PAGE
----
Support Hyperallergic’s independent arts journalism.
“Today may be the last day of your juvenile delinquency, but it should also be the first day of your new adult disobedience,” John Waters recently told the 2015 graduating class of Rhode Island School of Design (RISD) in his commencement speech. Waters, the audacious artist, actor, director, and stand-up comedian, alternatively nicknamed the “Prince of Puke” and the “People’s Pervert,” described Hairspray as “a Trojan horse: It snuck into middle America and never got caught,” and added, “You can do the same thing.” Throughout his hilarious and wise speech, Waters encouraged students to pursue daring projects while working their way from the inside — “you need to prepare sneak attacks on society.”
Though Waters says that in “the fine arts play is work” — adding, “what other field allows you to deduct as business expenses from your taxes gangsta rap, … even vintage porn, as long as you use it for research?” — he also doesn’t undermine the importance of persevering. For years he’s been waking up every day at 6am to come up with his “insane” ideas. “Contemporary art’s job is to wreck what came before,” he said, but to succeed in your disobedience also takes a lot of work.
First, be an active citizen:
Remember, you must participate in the world you want to become a part of …. Keep up with what’s causing chaos in your own field. If you’re a visual artist go see the shows in the galleries that are frantically competing to find the one bad neighborhood left in Manhattan to open up in. Watch every movie that gets a negative review in the New York Times and figure out what they did wrong. Read, read, watch people on the street. Spy. Be nosy. Eavesdrop. And as you get older, you’ll need youth spies who will keep you abreast of new music that nobody your age has heard yet.
Be an insider, not an outsider:
These days everyone wants to be an outsider. Politically correct to a fault. That’s good. I hope you are working to end racism, sexism, agism, fat-ism — but is that enough? Isn’t being an outsider so 2014? …. Maybe it’s time to throw caution to the wind and really shake things up and reinvent yourself as a new version of your most dreaded enemy: the insider. Like I am! …. Think about it: I didn’t change. Society did. Who would’ve ever thought a top college like RISD would’ve invited a filthy elder to set an example to its students?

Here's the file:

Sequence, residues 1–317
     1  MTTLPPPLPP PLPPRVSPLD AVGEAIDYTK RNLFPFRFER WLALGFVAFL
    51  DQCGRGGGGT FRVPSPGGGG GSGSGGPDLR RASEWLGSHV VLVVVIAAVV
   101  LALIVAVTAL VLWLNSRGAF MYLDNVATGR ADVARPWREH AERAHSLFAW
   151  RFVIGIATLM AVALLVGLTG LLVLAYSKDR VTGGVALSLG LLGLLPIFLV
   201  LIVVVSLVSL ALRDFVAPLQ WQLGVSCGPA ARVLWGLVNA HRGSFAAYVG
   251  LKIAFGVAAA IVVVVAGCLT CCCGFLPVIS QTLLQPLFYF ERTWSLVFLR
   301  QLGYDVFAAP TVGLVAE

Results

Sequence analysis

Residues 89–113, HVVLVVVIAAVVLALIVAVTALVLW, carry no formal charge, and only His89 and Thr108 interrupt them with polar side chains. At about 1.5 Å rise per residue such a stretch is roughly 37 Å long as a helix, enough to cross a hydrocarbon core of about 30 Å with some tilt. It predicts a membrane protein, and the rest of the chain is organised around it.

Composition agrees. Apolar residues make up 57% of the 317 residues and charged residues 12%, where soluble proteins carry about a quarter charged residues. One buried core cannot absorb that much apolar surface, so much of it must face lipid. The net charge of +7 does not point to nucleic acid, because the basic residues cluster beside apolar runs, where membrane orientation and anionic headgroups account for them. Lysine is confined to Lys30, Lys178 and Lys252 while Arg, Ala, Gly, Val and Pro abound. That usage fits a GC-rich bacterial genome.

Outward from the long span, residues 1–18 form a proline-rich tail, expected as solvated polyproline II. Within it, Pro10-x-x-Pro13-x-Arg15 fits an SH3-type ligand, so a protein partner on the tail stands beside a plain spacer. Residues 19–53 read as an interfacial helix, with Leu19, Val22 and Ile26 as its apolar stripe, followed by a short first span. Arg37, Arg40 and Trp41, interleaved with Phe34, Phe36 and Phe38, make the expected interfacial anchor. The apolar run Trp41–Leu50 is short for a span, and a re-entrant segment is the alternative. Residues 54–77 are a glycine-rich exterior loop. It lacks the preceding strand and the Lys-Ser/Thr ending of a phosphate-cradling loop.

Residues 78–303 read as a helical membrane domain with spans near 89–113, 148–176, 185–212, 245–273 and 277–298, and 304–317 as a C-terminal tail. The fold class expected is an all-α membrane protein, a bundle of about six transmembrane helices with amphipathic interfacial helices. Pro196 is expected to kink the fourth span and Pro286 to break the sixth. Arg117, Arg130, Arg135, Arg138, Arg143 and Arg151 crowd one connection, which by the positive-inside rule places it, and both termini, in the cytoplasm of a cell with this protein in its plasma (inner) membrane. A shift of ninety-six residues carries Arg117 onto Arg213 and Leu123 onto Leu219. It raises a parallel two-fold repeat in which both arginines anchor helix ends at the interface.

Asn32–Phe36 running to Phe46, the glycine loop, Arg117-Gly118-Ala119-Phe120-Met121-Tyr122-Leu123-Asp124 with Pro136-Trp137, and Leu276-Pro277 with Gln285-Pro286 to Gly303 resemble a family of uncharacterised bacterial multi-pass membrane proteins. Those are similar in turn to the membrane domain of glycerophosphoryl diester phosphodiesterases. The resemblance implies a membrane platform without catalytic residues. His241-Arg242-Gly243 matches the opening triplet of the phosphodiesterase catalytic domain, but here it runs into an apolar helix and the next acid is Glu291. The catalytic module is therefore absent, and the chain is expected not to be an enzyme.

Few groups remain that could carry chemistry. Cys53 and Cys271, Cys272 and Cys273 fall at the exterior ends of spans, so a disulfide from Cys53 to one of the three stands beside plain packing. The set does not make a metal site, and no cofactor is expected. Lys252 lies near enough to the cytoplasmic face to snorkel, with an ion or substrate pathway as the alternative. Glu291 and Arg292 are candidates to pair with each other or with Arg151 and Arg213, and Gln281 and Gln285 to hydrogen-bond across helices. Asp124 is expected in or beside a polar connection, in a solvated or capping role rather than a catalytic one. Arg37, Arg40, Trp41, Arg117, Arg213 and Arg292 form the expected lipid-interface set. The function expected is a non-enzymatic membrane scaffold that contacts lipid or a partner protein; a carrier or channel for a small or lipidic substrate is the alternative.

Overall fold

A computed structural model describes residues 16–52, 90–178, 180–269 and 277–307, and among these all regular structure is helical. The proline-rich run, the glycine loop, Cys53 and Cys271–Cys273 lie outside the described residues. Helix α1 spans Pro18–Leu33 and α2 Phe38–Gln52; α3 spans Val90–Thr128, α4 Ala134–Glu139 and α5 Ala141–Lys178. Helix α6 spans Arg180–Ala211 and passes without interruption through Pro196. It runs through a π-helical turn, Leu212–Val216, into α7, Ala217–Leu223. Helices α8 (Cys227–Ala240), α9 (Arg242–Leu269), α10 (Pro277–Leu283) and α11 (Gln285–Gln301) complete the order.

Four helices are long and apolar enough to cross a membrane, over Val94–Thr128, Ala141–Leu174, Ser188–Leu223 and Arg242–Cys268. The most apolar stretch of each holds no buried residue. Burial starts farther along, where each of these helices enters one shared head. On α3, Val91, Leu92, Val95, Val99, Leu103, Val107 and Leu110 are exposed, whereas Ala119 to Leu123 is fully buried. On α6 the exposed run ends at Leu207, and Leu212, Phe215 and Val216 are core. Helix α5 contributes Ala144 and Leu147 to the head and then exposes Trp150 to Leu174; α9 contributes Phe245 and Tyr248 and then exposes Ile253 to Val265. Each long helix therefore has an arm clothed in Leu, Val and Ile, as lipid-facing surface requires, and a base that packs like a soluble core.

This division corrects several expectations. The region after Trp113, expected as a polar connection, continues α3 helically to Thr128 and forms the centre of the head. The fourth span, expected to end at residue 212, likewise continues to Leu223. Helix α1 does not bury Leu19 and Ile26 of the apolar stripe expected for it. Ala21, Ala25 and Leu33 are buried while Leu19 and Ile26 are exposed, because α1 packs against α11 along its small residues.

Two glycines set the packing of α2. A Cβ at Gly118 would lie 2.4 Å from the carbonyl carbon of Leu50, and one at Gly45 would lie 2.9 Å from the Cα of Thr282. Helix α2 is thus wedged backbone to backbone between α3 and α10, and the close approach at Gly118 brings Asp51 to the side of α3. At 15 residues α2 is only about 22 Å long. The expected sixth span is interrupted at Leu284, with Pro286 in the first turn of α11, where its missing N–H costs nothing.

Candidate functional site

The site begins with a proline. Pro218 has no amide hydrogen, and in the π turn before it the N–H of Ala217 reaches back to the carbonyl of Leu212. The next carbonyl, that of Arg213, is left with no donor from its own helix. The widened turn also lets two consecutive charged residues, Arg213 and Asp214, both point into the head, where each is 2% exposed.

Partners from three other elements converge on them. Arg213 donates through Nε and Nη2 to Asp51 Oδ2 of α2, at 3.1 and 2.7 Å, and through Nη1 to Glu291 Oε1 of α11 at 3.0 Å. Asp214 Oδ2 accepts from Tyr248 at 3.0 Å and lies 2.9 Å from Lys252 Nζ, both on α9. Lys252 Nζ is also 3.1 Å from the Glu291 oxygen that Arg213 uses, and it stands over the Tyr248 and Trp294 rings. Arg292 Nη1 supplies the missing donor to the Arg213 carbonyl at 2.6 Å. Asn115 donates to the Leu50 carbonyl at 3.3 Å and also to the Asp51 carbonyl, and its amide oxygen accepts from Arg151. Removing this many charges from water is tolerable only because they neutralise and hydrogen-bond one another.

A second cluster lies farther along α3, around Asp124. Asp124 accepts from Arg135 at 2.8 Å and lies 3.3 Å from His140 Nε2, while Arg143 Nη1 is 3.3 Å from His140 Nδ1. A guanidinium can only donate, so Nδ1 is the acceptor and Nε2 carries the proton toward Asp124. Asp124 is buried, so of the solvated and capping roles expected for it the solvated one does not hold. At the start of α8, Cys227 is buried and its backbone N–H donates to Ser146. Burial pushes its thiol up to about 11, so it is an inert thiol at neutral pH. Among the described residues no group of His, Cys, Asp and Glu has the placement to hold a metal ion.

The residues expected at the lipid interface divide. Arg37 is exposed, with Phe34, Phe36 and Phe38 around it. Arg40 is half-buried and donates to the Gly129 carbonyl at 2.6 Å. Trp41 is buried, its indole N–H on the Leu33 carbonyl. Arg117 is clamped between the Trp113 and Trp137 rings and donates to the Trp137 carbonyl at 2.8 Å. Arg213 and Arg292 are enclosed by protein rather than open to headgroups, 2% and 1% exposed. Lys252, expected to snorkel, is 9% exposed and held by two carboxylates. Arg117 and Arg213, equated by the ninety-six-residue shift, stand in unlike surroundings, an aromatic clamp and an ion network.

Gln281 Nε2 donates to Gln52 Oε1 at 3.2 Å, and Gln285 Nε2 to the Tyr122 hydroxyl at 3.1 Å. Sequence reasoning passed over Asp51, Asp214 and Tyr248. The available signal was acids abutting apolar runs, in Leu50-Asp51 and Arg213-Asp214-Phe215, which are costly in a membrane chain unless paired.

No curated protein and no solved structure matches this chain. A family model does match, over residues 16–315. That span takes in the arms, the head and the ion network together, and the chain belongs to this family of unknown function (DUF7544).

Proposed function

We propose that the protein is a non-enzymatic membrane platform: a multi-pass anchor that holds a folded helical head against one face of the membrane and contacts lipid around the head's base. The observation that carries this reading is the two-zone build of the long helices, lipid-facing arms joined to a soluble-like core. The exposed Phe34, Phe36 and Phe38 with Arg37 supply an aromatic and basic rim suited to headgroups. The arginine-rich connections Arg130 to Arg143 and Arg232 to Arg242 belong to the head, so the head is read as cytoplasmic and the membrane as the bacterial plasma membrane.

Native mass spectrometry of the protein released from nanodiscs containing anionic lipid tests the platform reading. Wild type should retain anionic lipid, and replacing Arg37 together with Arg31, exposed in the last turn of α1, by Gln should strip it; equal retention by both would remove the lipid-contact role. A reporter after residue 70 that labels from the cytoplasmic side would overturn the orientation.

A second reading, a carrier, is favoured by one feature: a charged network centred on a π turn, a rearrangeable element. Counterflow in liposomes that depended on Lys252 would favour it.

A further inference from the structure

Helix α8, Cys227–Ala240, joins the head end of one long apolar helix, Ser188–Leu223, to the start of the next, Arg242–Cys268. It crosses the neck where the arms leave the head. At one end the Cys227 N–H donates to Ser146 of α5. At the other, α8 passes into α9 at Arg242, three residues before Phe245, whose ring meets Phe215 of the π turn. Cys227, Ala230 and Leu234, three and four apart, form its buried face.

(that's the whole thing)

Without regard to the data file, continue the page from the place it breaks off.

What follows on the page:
Listen to your enemies, and make them laugh:
Listen to your political enemies, especially the smart ones, and then figure out a way to make them laugh. Nobody likes a bore on a soapbox. Humor is always the best defense and weapon. If you can make an idiot laugh, they’ll at least pause and listen before they do something stupid, to you. Refuse to isolate yourself, separatism is for losers.
Waters on the trigger warning:
The amazing concept I’ve heard about that you’re supposed to warn students if you’re going to talk about something that challenges their values. I thought that’s why you went to college.
Trigger number one:
Don’t hate all rich people. They’re not all awful. Believe me I know some evil poor people too. We need some rich people. Who else is going to back our movies and buy our art? I’m rich! I don’t mean money-wise, I mean that I have figured out how to never be around assholes at any time in my personal and professional life. That’s rich. And not being around assholes should be the goal of every graduate here today.
The side note to the parents:
The truth of maturity will come to families if every member is patient. I look back and wonder how understanding my parents were …. My parents made me feel safe. And that’s why I’m up here today. And that’s what you should try to do to your children, too. No matter where you get your children these days.
The final trigger:
Go out in the world and fuck it up beautifully. Design clothes so hideous they can’t be worn ironically. Horrify us with new ideas. Outrage outdated critics. Use technology for transgression not lazy social living. Make me nervous …. It’s time to get busy. It’s your turn to cause trouble. But this time in the real world, and this time from the inside.